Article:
Not My Breast! Why Me?

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This is a question that I have been asked in the past when discussing the outcome of breast investigation with patients.
The breast in females is not just seen as an organ meant for feeding an infant, for some women it represents femininity,  it is seen as part of their beauty and such evokes different emotions when the mention of possible breast cancer comes up during a consultation.
Breast cancer is common in women all over the world and I would like to discuss how breast cancer might present, symptoms that should prompt early review by a physician and appropriate referral to a specialist breast clinic for further investigations. I will be using a case review today to help us address some of the issues encountered in everyday practice. It should be noted however that breast cancer is higher in older women above 50, however, it can present in women younger than 35 and men as well, yes Men are not exempt!
Case 1
Mrs. Adefunke K, 51yr old married woman with no children
-Previously fit and well woman, not on any regular medications
-does not smoke or drink
-works as a bank manager and lead a very busy life
-She noticed changes in her right nipple almost 2 years ago but did not think anything of it
-One year later, she noticed swelling to the right side of her neck, which was painless
-2 months before coming to see me, she started getting exhausted easily
-Noticed that she was not sweating as much on her right side and her right arm felt a bit weak well
-She also noticed right thigh pain for few weeks prior to seeing me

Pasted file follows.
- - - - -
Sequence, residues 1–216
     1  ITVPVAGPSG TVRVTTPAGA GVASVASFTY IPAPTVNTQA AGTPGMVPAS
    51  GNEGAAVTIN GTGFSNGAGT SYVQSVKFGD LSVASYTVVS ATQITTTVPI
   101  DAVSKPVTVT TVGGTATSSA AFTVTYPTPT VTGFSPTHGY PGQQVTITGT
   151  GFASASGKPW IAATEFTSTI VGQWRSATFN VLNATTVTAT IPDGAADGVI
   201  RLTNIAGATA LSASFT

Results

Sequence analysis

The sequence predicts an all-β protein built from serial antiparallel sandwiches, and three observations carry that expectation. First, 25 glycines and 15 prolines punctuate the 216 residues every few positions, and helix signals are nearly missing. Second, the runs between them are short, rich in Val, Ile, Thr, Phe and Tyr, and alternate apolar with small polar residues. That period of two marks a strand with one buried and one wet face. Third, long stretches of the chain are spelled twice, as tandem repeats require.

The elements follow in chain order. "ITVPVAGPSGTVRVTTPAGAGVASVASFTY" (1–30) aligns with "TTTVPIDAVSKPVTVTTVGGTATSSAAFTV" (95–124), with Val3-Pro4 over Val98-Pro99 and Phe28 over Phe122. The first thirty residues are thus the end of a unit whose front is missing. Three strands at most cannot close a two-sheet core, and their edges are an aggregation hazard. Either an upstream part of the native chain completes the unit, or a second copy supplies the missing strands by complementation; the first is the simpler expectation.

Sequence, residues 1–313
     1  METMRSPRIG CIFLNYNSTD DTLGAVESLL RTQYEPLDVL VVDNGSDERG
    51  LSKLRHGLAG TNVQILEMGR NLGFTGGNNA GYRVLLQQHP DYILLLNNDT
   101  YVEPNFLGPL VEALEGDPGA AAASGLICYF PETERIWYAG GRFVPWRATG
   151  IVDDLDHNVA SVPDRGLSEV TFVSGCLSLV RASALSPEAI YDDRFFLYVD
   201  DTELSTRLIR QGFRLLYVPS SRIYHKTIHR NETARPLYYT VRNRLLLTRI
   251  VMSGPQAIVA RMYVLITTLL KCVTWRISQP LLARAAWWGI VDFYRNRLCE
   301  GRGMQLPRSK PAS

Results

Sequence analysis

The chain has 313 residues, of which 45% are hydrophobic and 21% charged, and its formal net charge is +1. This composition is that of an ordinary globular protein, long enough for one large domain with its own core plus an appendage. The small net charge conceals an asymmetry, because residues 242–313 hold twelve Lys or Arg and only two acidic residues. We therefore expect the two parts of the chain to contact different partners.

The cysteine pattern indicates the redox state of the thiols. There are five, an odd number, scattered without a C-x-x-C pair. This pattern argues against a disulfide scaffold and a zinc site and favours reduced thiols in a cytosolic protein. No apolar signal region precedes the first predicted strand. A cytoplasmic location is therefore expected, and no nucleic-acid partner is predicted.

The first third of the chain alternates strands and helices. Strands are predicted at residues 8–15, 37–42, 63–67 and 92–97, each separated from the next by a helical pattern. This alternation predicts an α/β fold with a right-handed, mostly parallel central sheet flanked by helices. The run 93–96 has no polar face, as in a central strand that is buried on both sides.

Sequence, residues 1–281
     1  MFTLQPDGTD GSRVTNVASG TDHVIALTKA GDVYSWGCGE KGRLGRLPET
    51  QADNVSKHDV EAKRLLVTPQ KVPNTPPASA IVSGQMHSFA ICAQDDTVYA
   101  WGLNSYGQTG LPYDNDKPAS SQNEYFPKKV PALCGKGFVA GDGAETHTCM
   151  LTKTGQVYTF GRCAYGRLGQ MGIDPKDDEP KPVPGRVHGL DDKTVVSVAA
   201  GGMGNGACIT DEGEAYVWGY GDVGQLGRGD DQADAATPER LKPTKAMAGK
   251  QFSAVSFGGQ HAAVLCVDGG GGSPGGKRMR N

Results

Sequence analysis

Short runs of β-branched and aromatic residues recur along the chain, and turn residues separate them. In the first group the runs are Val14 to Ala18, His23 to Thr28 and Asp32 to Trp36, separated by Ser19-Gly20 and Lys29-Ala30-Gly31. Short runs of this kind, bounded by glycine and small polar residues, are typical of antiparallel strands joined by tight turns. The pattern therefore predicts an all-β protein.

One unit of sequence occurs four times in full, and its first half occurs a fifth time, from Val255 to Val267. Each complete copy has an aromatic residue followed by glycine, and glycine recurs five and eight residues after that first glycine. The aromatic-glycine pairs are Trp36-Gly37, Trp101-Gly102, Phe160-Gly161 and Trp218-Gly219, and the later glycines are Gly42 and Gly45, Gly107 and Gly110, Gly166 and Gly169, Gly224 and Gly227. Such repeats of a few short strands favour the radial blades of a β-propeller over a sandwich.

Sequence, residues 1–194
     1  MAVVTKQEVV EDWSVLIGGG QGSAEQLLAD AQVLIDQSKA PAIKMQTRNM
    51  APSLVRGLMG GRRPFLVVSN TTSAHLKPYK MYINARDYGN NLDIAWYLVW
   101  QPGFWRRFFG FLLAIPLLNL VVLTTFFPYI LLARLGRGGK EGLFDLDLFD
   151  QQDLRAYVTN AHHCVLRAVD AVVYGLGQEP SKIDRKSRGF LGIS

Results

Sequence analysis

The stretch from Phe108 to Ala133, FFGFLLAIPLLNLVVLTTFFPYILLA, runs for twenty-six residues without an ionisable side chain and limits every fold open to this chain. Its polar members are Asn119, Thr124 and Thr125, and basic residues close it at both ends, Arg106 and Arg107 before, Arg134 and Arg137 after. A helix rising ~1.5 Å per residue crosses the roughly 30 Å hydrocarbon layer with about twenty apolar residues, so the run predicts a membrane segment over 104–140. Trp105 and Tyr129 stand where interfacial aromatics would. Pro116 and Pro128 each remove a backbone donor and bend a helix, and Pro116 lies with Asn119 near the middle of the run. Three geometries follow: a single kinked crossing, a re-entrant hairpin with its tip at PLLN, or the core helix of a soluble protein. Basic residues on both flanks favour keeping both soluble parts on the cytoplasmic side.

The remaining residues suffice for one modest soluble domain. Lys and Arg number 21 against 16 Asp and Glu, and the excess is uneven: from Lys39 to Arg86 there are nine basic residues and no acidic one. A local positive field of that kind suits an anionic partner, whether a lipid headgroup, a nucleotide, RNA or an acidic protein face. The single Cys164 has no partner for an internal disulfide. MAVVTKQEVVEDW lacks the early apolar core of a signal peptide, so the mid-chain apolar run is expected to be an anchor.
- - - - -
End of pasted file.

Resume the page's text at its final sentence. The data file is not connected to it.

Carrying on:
-She only presented to me as she was planning on going on holiday and wanted to check why she was always exhausted- which she had put down to stress at work
After taking her history, examination, and investigations, It was found that she had right breast cancer that had spread to most of her bones and she was very shocked initially as she never suspected breast cancer because she did not notice any lump in her breast, just nipple retraction
The symptoms that should be suspicious and warrant review
  1. Breast lump
  2. Nipple changes- inversion or retraction
  3. Blood stained discharge from the nipple
  4. Changes to the breast skin, rashes, swelling or dimpling of the breast
  5. Breast pain in the absence of trauma
What are the risk factors for breast cancer? This includes the following
  1. Previous history of breast cancer
  2. Female sex
  3. Age- common in those older than 50
  4. Previous history of ovarian or endometrial cancer
  5. Family history of breast cancer
  6. Obesity
  7. Use of alcohol
So what should you do if you are worried about your breast?
  1. Know what your breast looks like and see your family physician if there are any changes as mentioned above
  2. I am not sure if there is a breast screening program in Nigeria,  there are breast screening programs in most western countries, attend one if you fall within the age group
  3. Speak to your physician if you have a strong family history of breast cancer and find out what test are available in your local area.